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A Comprehensive Analysis of Genes Encoding Small Secreted Proteins Identifies Candidate Effectors in Melampsora larici-populina (Poplar Leaf Rust)

March 2012 , Volume 25 , Number  3
Pages  279 - 293

Stéphane Hacquard,1 David L. Joly,2 Yao-Cheng Lin,3 Emilie Tisserant,1 Nicolas Feau,2 Christine Delaruelle,1 Valérie Legué,1 Annegret Kohler,1 Philippe Tanguay,2 Benjamin Petre,1 Pascal Frey,1 Yves Van de Peer,3 Pierre Rouzé,3 Francis Martin,1 Richard C. Hamelin,2,4 and Sébastien Duplessis1

1Unité Mixte de Recherche 1136 Institut National de la Recherche Agronomique-Nancy Université, Interactions Arbres/Microorganismes, INRA Nancy, 54280 Champenoux, France; 2Natural Resources Canada, Canadian Forest Service, Laurentian Forestry Centre, 1055 du PEPS, P.O. Box 10380, Stn. Sainte-Foy, Québec, QC, G1V 4C7, Canada; 3Department of Plant Systems Biology, VIB, Ghent University, 9052 Ghent, Belgium; 4Department of Forest Sciences, Faculty of Forestry, University of British Columbia, Vancouver, BC, V6T 1Z4, Canada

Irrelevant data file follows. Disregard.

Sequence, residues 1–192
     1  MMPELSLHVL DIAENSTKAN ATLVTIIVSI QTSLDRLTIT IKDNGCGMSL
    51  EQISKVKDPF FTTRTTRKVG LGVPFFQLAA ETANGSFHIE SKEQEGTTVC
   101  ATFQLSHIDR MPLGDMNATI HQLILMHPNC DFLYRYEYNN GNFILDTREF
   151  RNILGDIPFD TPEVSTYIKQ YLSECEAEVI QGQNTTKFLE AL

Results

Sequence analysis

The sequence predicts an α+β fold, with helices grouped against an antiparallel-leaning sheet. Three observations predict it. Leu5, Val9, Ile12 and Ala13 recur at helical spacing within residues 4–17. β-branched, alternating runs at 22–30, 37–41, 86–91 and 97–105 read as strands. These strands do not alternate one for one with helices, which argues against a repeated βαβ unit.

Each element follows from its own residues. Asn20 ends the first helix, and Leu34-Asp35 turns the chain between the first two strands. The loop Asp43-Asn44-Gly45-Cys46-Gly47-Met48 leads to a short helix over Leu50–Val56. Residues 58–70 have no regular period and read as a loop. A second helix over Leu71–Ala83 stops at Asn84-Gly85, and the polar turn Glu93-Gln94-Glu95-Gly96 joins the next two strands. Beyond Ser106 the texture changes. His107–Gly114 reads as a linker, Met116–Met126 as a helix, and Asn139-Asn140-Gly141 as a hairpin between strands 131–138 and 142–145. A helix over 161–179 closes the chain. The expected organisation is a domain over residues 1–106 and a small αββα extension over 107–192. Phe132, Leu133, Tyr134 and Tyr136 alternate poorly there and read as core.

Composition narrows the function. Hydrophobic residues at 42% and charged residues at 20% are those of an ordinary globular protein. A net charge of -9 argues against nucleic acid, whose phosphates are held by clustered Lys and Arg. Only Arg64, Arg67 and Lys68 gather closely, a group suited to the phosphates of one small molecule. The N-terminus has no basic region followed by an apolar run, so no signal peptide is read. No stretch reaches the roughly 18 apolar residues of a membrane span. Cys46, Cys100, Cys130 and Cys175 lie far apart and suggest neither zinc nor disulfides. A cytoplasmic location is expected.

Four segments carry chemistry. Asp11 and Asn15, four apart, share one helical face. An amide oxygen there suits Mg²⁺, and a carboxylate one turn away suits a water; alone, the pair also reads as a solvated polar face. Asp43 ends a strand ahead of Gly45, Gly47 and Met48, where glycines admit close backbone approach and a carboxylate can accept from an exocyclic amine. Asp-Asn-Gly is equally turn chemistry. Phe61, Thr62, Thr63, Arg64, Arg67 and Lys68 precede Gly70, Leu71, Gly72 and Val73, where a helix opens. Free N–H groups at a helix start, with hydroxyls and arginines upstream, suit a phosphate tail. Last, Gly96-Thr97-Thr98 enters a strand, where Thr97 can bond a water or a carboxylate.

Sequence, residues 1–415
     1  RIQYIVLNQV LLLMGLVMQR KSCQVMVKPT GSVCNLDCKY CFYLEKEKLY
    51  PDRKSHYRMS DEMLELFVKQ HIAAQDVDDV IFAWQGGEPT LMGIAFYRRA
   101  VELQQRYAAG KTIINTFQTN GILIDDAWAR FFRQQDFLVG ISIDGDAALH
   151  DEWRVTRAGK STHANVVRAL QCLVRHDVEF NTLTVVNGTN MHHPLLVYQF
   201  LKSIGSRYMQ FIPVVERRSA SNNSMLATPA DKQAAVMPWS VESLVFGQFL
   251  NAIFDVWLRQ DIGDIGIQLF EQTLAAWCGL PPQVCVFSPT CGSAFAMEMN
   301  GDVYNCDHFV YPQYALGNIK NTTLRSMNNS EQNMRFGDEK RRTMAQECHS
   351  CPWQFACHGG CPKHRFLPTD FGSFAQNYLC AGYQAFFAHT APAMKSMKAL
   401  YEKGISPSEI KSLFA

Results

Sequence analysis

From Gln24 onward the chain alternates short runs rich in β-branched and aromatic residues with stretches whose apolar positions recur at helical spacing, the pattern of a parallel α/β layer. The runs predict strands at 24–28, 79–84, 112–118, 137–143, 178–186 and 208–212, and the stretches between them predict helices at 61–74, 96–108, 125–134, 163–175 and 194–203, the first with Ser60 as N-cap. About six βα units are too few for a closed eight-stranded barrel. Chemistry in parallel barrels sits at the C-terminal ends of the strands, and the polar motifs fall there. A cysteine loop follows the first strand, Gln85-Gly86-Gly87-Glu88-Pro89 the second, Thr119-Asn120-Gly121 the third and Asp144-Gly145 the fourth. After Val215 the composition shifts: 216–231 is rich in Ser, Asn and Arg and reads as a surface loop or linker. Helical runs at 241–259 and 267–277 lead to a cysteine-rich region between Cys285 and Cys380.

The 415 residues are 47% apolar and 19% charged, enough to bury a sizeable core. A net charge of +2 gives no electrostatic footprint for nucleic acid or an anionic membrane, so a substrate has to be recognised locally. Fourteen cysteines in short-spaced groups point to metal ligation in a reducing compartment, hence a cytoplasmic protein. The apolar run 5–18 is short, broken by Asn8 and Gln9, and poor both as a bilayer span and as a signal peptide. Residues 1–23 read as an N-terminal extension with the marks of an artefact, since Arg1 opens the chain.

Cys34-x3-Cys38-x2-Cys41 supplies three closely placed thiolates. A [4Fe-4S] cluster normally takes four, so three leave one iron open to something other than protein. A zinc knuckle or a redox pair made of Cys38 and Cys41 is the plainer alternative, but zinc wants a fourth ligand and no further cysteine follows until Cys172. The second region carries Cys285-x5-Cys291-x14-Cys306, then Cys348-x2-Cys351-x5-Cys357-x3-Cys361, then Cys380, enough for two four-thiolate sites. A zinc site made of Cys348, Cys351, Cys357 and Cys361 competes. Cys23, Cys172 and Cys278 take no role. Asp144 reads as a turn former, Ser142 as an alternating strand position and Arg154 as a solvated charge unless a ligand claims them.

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Accepted 26 October 2011.

The obligate biotrophic rust fungus Melampsora larici-populina is the most devastating and widespread pathogen of poplars. Studies over recent years have identified various small secreted proteins (SSP) from plant biotrophic filamentous pathogens and have highlighted their role as effectors in host–pathogen interactions. The recent analysis of the M. larici-populina genome sequence has revealed the presence of 1,184 SSP-encoding genes in this rust fungus. In the present study, the expression and evolutionary dynamics of these SSP were investigated to pinpoint the arsenal of putative effectors that could be involved in the interaction between the rust fungus and poplar. Similarity with effectors previously described in Melampsora spp., richness in cysteines, and organization in large families were extensively detailed and discussed. Positive selection analyses conducted over clusters of paralogous genes revealed fast-evolving candidate effectors. Transcript profiling of selected M. laricipopulina SSP showed a timely coordinated expression during leaf infection, and the accumulation of four candidate effectors in distinct rust infection structures was demonstrated by immunolocalization. This integrated and multifaceted approach helps to prioritize candidate effector genes for functional studies.



© 2012 The American Phytopathological Society